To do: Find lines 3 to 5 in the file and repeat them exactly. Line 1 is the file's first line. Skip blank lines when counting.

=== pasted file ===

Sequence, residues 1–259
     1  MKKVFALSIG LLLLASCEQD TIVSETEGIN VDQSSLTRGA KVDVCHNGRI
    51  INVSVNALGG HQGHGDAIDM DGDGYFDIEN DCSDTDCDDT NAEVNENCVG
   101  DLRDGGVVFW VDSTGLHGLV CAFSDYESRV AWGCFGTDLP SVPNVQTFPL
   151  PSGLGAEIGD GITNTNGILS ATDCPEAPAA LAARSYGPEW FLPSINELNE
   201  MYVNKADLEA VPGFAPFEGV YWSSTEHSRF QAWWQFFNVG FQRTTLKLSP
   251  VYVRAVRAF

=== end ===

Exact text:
    51  INVSVNALGG HQGHGDAIDM DGDGYFDIEN DCSDTDCDDT NAEVNENCVG
   101  DLRDGGVVFW VDSTGLHGLV CAFSDYESRV AWGCFGTDLP SVPNVQTFPL
   151  PSGLGAEIGD GITNTNGILS ATDCPEAPAA LAARSYGPEW FLPSINELNE